Sunday, January 29, 2017

Who Tells Your Story?

On Friday, an executive order was signed by President Trump barring citizens from seven Muslim-majority countries from entering the United States. He claimed they would be instituting more rigorous vetting procedures to keep radical Islamic terrorists out of the United States, despite the fact that the vetting process to get into America are already some of the strictest in the entire world.

"We don't want 'em here". You can find multiple sources on the unlikelihood of being killed by a radical religious terrorist of any faith all over the web, so I don't need to drag them here. I can say that you're more likely to be killed falling out of bed than you are by a Syrian refugee.

After this order was signed, those very same refugees that were making their way towards a sound night's sleep, mile by mile, had no idea they would be detained when they reached US soil or even sent back to the horrors they were fleeing from. This executive order has trapped innocent people escaping extreme violence in a horrifying limbo. People with permanent resident cards and visas are also unable to come back to the place the call home now, the place they're working and raising their family and studying.

In 1989, my mother packed up everything she could in a single suitcase (including VHS tapes of I Love Lucy) and brought my sister and I back to the United States to escape the political unrest that would eventually turn into the Gulf War. I have two passports and dual citizenship and the reality is not lost on me that if I decide to leave US soil, I may not be welcome back. Even flying home from New York City fills me with this sense of unease that I may be detained at the airport and denied due process. Rules and laws have been broken before, they're bring broken now, and I am afraid.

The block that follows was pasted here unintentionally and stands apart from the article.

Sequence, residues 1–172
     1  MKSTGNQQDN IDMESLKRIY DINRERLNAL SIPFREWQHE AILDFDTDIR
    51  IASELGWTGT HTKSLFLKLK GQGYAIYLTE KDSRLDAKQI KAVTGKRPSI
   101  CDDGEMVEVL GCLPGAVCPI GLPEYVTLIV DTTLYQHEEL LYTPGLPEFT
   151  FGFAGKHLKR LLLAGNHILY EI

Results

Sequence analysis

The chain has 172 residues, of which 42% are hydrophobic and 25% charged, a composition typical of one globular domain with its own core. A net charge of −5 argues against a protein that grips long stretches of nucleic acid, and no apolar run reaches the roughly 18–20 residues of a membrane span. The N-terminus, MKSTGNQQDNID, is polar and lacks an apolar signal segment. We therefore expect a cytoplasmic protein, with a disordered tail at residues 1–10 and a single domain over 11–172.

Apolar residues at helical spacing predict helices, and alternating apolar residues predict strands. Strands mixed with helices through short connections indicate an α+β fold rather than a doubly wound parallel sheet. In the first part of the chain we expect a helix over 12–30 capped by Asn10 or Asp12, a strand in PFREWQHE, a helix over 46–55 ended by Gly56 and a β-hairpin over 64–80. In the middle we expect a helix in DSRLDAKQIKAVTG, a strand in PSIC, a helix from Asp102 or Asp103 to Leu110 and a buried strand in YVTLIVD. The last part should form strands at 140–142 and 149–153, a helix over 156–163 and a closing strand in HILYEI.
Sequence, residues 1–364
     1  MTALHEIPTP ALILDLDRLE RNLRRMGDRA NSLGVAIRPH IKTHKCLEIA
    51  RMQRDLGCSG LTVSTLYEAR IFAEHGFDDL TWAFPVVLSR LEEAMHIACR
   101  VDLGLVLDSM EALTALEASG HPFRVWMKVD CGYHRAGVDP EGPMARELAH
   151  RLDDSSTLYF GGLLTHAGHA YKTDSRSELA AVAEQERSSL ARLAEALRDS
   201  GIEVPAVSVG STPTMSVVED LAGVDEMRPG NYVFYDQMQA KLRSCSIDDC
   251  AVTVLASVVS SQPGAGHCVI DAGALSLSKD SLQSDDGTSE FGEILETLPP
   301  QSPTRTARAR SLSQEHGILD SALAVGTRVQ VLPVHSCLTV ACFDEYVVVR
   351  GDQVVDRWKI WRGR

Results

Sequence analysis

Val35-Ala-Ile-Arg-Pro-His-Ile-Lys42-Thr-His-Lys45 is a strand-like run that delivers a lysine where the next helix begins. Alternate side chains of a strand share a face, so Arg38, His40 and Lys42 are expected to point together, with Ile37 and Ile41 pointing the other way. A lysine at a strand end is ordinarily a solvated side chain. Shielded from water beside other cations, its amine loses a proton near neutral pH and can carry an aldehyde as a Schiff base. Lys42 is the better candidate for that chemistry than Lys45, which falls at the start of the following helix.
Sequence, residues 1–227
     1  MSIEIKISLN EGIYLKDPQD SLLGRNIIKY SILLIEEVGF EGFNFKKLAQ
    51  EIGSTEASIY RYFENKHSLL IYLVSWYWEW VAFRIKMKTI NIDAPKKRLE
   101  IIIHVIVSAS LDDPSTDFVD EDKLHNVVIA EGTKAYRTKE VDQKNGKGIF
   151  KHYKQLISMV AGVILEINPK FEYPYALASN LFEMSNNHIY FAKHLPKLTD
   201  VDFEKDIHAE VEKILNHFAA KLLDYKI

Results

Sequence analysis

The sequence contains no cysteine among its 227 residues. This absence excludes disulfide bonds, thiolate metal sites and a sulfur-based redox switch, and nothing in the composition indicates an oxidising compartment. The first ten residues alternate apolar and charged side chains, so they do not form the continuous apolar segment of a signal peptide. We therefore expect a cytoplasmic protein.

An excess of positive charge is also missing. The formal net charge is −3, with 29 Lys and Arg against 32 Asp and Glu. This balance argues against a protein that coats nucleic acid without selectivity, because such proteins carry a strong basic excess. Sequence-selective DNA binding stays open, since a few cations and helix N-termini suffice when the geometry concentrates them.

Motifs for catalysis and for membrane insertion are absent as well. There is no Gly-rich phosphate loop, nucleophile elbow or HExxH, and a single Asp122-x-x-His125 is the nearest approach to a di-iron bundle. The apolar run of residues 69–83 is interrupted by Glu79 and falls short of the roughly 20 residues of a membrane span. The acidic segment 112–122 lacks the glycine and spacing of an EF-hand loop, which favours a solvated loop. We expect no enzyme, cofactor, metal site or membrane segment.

While thousands gathered in airport terminals around the country, blocking exits and demanding the released of those detailed, while lawyers worked tirelessly on their days off to assist in any way they could for free, I was doing something very different.

I, a queer Muslim immigrant, was sitting three rows from the stage of the Richard Rogers theater, watching a cast of people of color tell the story of another immigrant. I got my ticket way back in August. Back before we knew what would happen, back before Trump, before any pen hit paper. I saved every penny I made for six months, stashing it away and watching for tickets to go on sale. I finally managed to get one at face value when another round went on sale, but just barely. I wasn't even sure I had gotten a real ticket until they scanned it last night and actually allowed me in the building.

There was a part of me that didn't want to go, didn't want to be there when I could have taken a train to JFK. But the other part of me wanted nothing more than to hear the line "another immigrant coming up from the bottom". I've been fighting hard since November 9th. All I wanted was a little bit of reassurance. Say what you will about the actual Alexander Hamilton, and there's plenty to be said about the cultural aspect of the show itself, but all I wanted was my one, single line.

Everyone loves the line "Immigrants: We Get the Job Done", which received a thirty-second standing ovation, but the line that comes in the opening number of the show has always stuck with me, since the first time I heard the song a few years back. I have yet to meet an immigrant who doesn't work themselves to the bone to "make it", myself included. 

Lately, I've felt very lost in this new administration, but last night's show has planted a seed of purpose in me. It's inspired me to continue head-on into more school, to protect those who cannot protect themselves, to demand more for myself, to demand success from myself, to be nonstop and unrelenting, to do more than the bare minimum. 

The world's gonna know my name.

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